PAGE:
The Horn of Africa is one of the Africa’s most culturally varied regions and the world’s most physiographically diverse areas, possessing an extensive range of climates, topographies, vegetation, and soils, often found vertically stratified over short horizontal distances. In consequence of its diverse climate, physiography human landscapes and dynamic food-producing systems, the Horn has long been recognised as a major world centre of plant domesticates, possesses diversity in cattle and goat breeds, and provides some of the densest and most varied concentrations of ancient pastoral rock art in Africa. This article examines the middle to late Holocene transition and the first appearance of food production in the Horn; the archaeological evidence for domesticated animals and plants in the Horn; and frameworks for the origins of food production.
Ibrahima Thiaw and François Richard
Africa’s engagement with the post-AD 1500 Atlantic World has captivated archaeological attention over the past twenty years. Focusing on West Africa, this article gives a sense of the themes and questions that have driven archaeological work on Atlantic processes, reviews some of the trends and insights generated by this research, and explores future directions in this field. The discussion begins by situating historical archaeology in the historiography of the African Atlantic and then considering archaeological contributions to broader debates about the emergence, dynamics, impacts, and long-term consequences of the Atlantic economy on African societies. It then examines five domains of archaeological research on social transformations: political landscapes, cultural life between the coast and interior, urban dynamics, cultural economies, and technological change.
The origins of archaeology were in Europe, so that its development in the African continent was initially shaped by European perceptions, subsequently modified by American influences. Only during the last half century have indigenous Africans had a voice in the archaeologies of their own countries, which have nevertheless often retained approaches adopted from overseas. This article notes that much of African archaeology has been characterised by particularism; syntheses, especially at a continental level, have been relatively rare. Even studies dealing with large parts of the continent are not that common, although areas of lesser size have received more attention. Problems that plague much of African archaeological thought become particularly apparent. The Eurocentric nineteenth-century Three Age System and the associated concept of prehistory continue to characterise much analytical and interpretive writing. In spite of attempts to see the African past in different way, these outmoded ideas remain current in many places.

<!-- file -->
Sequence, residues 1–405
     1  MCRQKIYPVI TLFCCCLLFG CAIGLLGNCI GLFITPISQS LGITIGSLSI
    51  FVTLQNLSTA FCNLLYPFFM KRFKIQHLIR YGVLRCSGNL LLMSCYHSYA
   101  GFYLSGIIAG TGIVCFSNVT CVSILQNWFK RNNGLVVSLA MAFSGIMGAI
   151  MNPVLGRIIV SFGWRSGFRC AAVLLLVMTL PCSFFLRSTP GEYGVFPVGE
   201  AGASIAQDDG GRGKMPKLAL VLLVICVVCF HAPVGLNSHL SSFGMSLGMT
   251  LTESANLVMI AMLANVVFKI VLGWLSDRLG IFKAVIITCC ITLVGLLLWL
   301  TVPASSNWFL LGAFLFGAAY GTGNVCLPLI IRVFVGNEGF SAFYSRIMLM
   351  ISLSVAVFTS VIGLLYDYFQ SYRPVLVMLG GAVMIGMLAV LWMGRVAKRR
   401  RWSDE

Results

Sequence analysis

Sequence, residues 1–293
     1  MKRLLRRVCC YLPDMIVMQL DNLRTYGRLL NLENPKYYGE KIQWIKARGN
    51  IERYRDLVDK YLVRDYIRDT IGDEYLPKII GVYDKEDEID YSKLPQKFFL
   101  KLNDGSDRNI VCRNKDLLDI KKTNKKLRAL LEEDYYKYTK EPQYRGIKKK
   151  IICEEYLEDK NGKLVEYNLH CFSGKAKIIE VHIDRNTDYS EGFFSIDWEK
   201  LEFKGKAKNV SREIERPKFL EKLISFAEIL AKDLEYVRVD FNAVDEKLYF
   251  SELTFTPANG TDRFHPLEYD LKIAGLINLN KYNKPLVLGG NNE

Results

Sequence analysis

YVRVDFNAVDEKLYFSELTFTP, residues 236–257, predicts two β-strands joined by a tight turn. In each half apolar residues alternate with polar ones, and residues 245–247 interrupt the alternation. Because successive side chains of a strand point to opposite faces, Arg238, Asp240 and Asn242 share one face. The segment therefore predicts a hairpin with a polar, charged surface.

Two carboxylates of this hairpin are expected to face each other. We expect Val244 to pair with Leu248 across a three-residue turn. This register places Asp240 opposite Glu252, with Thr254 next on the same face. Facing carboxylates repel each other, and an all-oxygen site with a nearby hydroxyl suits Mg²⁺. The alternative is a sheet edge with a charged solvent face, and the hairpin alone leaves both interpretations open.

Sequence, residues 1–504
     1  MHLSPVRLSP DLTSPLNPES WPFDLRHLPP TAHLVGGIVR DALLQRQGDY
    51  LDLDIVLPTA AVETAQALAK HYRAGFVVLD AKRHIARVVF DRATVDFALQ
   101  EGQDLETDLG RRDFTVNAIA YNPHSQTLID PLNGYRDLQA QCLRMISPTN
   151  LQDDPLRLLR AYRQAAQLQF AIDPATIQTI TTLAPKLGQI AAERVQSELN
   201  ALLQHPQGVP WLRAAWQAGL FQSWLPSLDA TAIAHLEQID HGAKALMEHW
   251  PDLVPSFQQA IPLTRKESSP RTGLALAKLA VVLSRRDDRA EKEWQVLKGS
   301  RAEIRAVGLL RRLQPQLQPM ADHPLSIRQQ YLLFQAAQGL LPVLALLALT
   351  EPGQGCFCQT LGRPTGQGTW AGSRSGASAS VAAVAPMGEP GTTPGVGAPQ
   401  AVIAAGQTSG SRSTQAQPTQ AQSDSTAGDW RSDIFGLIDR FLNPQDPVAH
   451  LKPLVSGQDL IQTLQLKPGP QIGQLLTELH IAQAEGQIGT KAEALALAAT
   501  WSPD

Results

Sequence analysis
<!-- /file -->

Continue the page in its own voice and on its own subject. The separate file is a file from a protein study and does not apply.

Pierre de Maret
This article examines the Bantu languages and their classification and provides archaeological background of the Bantu migration on Western and Central Africa and Great Lakes Africa. Encompassing a series of changes and movements that took place during several millennia over one of the largest continental masses on earth, the Bantu phenomenon cannot be accounted for by a single and simplistic paradigm. It is connected with complex population movements starting north of Central Africa and led to the progressive colonisation of a vast area further south. The discussion concludes that the Bantu phenomenon is best understood as a colonisation, migration, expansion, dispersal, or diffusion.
Amanda Esterhuysen and Paul J. Lane
This article focuses on efforts to promote formal teaching of archaeology, especially at primary and secondary levels. It stresses that an integrated strategy towards archaeology and education, that exploits different opportunities, develops resources and methods appropriate to different learning ages, constituencies and contexts, and which deploys the different elements so as to complement each other, is likely to be the most successful. The discussion on educational archaeology examines developments in South Africa. It suggests that archaeology departments and divisions at African universities need to include educational archaeologists on their staff so as to better link the two disciplines, provide a critical approach to the way in which archaeology is taught at university level, and determine how it is being implemented at school level.